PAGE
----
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Eleven more women have come forward with allegations of sexual misconduct against opera star Placido Domingo, according to the Associated Press. The news follows an article by the organization published last month in which nine women made similar claims against the singer.

The women accuse Domingo of unwanted touching, persistent requests for private meetings, late-night phone calls and unexpected attempts to kiss them, according to the article.

A spokesperson for Domingo disputed the allegations to the AP but provided no specifics.

“The ongoing campaign by the AP to denigrate Placido Domingo is not only inaccurate but unethical. These new claims are riddled with inconsistencies and, as with the first story, in many ways, simply incorrect,” spokeswoman Nancy Seltzer said. “Due to an ongoing investigation, we will not comment on specifics, but we strongly dispute the misleading picture that the AP is attempting to paint of Mr. Domingo.”

In his statement after the initial wave of accusations, Domingo said the allegations were “as presented, inaccurate” and that he believed his actions “were always welcomed and consensual.”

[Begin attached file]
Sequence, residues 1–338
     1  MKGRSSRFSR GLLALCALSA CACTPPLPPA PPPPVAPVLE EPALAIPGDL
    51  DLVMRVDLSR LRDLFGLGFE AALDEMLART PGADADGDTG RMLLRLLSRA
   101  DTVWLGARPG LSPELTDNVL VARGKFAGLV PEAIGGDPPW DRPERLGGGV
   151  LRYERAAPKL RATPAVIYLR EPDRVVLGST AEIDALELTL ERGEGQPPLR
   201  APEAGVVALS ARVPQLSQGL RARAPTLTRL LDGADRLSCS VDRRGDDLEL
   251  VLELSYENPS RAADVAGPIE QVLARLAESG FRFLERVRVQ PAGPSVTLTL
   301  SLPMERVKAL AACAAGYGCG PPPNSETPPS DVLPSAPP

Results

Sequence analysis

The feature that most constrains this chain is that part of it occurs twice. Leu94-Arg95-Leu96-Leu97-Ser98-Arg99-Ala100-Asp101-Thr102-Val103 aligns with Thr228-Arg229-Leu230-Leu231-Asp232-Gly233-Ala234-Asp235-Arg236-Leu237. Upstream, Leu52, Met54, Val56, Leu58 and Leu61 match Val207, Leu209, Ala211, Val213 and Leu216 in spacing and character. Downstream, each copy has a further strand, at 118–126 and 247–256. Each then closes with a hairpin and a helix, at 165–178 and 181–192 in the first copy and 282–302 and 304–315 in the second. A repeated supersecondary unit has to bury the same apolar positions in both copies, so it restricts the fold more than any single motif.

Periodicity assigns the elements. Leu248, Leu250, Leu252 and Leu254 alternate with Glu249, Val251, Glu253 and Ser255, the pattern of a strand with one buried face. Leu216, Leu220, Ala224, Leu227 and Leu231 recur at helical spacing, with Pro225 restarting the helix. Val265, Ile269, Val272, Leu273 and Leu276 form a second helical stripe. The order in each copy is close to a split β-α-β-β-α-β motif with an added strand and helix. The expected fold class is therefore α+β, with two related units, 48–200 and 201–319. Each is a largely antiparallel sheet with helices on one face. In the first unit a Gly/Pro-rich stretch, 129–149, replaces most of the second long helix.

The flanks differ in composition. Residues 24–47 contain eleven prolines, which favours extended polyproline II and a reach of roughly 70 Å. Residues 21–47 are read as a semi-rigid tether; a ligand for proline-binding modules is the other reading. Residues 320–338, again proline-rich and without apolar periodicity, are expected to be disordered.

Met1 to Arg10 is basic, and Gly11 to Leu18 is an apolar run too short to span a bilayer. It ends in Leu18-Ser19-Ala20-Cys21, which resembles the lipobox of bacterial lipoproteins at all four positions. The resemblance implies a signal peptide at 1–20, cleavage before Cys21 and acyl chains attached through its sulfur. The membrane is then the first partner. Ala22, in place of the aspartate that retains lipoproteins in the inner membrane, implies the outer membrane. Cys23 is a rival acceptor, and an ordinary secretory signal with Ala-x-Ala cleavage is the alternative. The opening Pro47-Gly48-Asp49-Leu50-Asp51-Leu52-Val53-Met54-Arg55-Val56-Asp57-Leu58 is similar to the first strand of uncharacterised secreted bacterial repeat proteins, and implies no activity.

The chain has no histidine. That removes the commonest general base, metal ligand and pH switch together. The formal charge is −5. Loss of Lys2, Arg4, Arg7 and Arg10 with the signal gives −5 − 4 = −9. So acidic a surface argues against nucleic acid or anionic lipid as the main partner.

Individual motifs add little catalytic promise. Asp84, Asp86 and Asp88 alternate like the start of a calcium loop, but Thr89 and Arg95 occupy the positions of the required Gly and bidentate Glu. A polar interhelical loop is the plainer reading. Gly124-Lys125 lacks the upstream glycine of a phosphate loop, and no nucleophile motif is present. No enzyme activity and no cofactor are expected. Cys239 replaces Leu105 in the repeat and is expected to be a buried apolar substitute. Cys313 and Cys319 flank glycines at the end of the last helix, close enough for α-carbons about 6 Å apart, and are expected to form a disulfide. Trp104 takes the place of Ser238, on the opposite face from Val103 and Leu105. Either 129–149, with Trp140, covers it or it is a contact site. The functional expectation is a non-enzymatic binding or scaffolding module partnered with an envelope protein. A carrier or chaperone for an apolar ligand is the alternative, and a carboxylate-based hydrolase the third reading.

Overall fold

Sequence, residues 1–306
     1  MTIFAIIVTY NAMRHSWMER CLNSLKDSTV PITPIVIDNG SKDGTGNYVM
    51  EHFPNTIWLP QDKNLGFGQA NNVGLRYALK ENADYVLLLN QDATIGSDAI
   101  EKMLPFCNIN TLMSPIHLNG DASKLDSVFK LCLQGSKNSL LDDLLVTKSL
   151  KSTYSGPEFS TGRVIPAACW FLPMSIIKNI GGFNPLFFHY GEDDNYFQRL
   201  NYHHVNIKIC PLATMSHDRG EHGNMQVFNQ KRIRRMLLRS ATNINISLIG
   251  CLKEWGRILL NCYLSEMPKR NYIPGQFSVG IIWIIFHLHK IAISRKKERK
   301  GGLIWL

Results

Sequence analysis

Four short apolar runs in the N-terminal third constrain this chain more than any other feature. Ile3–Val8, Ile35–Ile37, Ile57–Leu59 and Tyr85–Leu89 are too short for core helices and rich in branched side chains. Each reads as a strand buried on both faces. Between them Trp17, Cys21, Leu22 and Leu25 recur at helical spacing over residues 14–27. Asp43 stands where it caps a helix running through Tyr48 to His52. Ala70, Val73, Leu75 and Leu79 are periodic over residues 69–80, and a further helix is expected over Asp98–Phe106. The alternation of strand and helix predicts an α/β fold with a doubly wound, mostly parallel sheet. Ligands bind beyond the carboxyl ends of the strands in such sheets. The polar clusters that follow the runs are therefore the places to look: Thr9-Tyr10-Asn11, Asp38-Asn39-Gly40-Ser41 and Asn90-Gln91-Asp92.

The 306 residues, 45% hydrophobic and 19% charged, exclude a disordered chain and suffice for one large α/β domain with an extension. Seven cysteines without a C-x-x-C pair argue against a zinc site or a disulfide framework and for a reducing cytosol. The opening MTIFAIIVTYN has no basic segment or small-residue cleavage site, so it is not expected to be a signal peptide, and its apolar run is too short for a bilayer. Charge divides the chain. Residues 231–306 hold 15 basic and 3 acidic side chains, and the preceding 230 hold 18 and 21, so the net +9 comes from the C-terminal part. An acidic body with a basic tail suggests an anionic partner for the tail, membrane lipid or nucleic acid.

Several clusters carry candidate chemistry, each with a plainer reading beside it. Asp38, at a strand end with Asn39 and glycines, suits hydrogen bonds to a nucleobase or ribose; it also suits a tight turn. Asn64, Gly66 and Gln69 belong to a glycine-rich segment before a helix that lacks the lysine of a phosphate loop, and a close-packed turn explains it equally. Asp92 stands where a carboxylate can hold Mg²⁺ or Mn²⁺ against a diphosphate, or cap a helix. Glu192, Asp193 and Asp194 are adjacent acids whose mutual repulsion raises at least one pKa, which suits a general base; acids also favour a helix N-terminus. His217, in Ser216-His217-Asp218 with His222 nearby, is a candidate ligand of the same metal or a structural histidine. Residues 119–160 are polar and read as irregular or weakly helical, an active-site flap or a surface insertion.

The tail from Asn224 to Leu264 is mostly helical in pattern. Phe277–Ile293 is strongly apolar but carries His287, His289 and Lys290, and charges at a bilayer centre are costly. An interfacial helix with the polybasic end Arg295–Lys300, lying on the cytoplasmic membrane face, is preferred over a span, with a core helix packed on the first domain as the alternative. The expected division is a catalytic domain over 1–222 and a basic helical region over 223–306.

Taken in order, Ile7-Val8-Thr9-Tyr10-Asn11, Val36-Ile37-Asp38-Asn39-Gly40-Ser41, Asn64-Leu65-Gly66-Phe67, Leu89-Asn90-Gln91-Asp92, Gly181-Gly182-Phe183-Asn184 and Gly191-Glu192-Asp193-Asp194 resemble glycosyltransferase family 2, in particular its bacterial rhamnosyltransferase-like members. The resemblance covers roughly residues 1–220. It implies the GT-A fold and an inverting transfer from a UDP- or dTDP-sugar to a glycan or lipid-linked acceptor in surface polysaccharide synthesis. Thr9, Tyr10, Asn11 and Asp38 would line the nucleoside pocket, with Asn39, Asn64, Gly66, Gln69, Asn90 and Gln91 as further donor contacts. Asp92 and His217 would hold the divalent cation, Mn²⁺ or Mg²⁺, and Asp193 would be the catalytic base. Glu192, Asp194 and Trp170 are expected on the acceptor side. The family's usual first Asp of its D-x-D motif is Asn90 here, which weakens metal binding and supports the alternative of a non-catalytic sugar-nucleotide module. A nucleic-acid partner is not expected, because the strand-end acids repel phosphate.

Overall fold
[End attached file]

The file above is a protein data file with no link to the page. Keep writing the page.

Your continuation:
Singer Angela Turner Wilson, who performed with Domingo 20 years ago, said that he groped her one night before a show.

“It hurt. It was not gentle. He groped me hard. What woman would ever want him to grab their breast?,” she said. “Then I had to go on stage and act like I was in love with him.” The other accusers chose to remain anonymous.

The Los Angeles Opera, where the singer has been General Director since 2003, said it is hiring an outside investigator to determine what action the company should take, if any, against Domingo, and concerts in Philadelphia and San Francisco were cancelled in the wake of the August AP article.

Last week Domingo performed for the first time since the accusations were made public, at the Salzburg Festival in Austria. The festival’s president, Helga Rabl-Stadler, issued a statement in his defense that reads: “I have known Plácido Domingo for more than 25 years. In addition to his artistic competence, I was impressed from the very beginning by his appreciative treatment of all Festival employees. He knows every name, from the concierge to the secretary; he never fails to thank anyone performing even the smallest service for him. Had the accusations against him been voiced inside the Festspielhaus in Salzburg, I am sure I would have heard of it.”